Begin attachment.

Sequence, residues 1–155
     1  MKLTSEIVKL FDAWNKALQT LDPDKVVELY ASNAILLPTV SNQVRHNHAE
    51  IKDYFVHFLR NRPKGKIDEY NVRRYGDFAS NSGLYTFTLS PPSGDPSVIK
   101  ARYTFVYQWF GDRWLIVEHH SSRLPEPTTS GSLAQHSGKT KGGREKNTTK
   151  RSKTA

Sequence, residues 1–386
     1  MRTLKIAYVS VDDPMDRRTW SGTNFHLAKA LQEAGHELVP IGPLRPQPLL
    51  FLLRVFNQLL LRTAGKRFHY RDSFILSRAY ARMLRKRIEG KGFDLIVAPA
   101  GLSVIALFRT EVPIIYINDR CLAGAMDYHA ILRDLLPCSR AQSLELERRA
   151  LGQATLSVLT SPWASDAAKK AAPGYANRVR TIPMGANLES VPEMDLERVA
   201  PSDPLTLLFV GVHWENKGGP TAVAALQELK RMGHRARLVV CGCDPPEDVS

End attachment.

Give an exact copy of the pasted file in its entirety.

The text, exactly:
Sequence, residues 1–155
     1  MKLTSEIVKL FDAWNKALQT LDPDKVVELY ASNAILLPTV SNQVRHNHAE
    51  IKDYFVHFLR NRPKGKIDEY NVRRYGDFAS NSGLYTFTLS PPSGDPSVIK
   101  ARYTFVYQWF GDRWLIVEHH SSRLPEPTTS GSLAQHSGKT KGGREKNTTK
   151  RSKTA

Sequence, residues 1–386
     1  MRTLKIAYVS VDDPMDRRTW SGTNFHLAKA LQEAGHELVP IGPLRPQPLL
    51  FLLRVFNQLL LRTAGKRFHY RDSFILSRAY ARMLRKRIEG KGFDLIVAPA
   101  GLSVIALFRT EVPIIYINDR CLAGAMDYHA ILRDLLPCSR AQSLELERRA
   151  LGQATLSVLT SPWASDAAKK AAPGYANRVR TIPMGANLES VPEMDLERVA
   201  PSDPLTLLFV GVHWENKGGP TAVAALQELK RMGHRARLVV CGCDPPEDVS